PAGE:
Apple blocks GrayKey police tech in iOS update

Reports suggest the data-slurping tool has been rendered useless -- but no-one knows how.
Written by Charlie Osborne, Contributing Writer

Apple has managed to stop the law enforcement tool GrayKey from working with modern iOS devices -- but we do not know how this has been achieved.

According to Forbes, the developers of the tool, Atlanta-based Grayshift, have been stopped in their efforts to crack the encryption of Apple iPhones.

The company offers the GrayKey tech to law enforcement in order to break the passcodes of iPhones, including the latest flagship models such as the iPhone X.

However, it seems Grayshift may have been stopped from making these claims any longer concerning its most well-known toolset -- at least, for now.

Sources familiar with the matter told the publication that GrayKey can no longer crack the encryption of any iPhone which is operating on iOS 12 or above.

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The tool is not rendered completely useless, however, as it is still able to exfiltrate some data, such as a handful of unencrypted files and metadata which has no relevance to police investigations -- including file sizes and data relating to file structures.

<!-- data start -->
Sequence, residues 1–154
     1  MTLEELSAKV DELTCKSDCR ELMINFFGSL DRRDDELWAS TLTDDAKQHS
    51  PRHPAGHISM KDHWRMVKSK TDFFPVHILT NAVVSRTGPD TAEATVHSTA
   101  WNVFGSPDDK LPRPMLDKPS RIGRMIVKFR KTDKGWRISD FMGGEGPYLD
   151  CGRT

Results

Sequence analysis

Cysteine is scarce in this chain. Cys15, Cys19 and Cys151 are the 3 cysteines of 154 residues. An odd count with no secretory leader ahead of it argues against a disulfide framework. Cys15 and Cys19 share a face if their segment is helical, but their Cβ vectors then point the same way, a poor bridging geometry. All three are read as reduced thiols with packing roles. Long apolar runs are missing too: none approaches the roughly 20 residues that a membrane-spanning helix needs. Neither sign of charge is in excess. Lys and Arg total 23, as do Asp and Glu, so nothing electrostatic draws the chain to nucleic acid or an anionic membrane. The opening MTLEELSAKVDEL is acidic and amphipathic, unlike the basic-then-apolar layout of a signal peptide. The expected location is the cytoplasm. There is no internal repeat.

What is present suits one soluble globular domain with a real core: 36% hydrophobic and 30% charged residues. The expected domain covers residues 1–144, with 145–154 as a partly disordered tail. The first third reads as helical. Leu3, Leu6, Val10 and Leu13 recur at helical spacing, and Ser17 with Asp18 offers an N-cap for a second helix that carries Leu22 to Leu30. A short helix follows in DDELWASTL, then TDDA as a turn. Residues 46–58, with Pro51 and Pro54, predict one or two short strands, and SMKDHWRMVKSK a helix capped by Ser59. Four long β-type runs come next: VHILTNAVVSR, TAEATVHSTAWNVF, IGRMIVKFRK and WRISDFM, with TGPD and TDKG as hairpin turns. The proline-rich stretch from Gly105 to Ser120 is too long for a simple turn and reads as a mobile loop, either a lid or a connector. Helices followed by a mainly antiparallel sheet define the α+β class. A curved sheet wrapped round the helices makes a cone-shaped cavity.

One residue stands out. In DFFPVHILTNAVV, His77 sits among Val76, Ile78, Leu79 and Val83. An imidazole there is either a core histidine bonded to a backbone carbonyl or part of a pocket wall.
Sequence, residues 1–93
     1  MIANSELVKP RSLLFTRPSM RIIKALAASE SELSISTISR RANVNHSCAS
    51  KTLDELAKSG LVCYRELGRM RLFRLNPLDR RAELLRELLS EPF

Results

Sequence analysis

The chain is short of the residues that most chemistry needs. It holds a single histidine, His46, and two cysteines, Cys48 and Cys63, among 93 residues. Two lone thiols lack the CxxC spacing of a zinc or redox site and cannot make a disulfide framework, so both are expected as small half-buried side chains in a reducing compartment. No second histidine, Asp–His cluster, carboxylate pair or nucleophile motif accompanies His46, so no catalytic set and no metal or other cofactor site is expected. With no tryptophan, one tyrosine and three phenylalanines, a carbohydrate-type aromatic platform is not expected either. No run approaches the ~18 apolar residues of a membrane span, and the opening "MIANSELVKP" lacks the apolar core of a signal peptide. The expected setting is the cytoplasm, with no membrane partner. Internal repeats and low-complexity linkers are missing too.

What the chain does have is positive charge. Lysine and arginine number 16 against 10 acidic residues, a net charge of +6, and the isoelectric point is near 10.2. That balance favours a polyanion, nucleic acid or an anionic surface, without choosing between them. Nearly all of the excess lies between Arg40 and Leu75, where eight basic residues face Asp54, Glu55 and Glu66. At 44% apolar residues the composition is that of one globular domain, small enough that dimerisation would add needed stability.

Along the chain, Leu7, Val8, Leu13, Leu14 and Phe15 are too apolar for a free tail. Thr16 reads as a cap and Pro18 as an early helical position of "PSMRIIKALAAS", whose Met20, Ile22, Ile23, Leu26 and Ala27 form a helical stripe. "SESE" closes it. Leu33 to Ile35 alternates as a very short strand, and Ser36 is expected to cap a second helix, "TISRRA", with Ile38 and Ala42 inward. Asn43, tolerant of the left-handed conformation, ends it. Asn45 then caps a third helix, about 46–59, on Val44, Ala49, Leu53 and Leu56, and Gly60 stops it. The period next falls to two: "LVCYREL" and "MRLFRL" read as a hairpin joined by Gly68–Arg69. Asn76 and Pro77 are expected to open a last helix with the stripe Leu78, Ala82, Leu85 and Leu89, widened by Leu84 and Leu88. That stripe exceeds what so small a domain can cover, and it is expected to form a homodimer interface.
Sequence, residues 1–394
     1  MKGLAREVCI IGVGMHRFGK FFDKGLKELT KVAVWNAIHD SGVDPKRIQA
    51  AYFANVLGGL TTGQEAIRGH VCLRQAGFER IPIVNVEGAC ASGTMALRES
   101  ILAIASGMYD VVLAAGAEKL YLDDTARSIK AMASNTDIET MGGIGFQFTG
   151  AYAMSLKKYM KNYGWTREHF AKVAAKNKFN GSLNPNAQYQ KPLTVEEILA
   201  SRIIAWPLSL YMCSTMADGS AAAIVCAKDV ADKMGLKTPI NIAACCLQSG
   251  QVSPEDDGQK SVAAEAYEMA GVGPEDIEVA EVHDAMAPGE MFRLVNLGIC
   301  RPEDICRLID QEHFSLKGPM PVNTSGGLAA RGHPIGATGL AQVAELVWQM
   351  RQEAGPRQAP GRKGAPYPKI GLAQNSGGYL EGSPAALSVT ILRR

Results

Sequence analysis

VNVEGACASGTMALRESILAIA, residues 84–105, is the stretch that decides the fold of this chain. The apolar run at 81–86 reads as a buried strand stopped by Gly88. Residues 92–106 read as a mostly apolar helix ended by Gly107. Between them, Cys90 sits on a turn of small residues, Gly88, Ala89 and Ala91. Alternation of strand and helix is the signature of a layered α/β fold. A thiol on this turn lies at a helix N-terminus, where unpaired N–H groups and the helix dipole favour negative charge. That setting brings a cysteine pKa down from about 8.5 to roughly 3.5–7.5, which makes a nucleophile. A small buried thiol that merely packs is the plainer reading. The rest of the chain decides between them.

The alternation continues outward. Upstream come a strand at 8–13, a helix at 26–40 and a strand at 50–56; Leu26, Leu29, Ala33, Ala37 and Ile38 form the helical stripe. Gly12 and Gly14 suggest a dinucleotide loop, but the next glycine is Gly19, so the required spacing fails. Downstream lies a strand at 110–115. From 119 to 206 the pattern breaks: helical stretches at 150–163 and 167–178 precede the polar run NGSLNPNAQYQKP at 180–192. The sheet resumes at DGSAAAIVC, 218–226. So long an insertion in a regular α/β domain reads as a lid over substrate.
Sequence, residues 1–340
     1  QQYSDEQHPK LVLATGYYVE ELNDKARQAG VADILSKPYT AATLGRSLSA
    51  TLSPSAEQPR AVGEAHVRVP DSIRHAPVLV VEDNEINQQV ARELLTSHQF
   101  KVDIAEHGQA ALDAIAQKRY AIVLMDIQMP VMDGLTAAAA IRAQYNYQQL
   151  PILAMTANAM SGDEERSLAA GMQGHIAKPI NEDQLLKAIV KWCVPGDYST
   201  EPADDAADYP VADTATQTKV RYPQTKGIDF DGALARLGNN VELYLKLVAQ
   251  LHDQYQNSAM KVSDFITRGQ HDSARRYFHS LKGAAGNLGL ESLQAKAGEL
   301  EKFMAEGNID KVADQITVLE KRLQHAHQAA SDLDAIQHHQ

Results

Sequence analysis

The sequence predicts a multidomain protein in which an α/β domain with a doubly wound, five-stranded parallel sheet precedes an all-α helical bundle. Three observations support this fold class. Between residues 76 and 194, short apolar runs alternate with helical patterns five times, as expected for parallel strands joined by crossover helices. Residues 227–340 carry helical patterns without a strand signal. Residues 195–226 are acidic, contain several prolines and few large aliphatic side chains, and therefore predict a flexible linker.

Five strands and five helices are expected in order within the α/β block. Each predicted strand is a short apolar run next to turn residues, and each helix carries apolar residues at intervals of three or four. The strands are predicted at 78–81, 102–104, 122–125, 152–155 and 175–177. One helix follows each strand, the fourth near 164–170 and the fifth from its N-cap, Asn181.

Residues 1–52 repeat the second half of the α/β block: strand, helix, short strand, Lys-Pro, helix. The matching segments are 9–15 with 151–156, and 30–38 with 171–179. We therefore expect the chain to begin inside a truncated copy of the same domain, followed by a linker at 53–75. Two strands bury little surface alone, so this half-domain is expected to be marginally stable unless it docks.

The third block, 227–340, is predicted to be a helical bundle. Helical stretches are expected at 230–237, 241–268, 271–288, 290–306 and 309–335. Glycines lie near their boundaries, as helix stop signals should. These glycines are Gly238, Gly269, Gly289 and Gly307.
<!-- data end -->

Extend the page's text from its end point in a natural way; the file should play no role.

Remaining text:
Police officer Captain John Sherwin of the Rochester Police Department, Minnesota, confirmed to Forbes that this was the case, saying "that's a fairly accurate assessment as to what we have experienced."

It is not known how Apple has countered GrayKey, which was able to brute-force iPhones to obtain passcodes without triggering the tech giant's anti-brute-force protections.

There may have been a zero-day vulnerability or attack chain which permitted brute-force attacks which have been patched; stronger kernel protections may be in place, or Apple may have developed additional, new layers of security at the software level.

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There is one feature which was introduced in iOS 12 which could be the reason why GrayKey no longer works. Known as USB Restricted Mode, the feature requires users to unlock their device after an hour of inactivity to connect a USB accessory -- unless the USB connection is to a charger.

See also: Apple iOS 12 security update tackles Safari spoofing, data leaks, kernel memory flaws

This week, Apple CEO Tim Cook told attendees at the 40th International Conference of Data Protection and Privacy Commissioners in Brussels that a global privacy "crisis" is real, and "our own information, from the everyday to the deeply personal, is being weaponized against us with military efficiency."

Cook also warned that the mass collection of data -- such as through social media networks and online services -- is amounting to surveillance in action.

ZDNet has reached to Apple and will update if we hear back.

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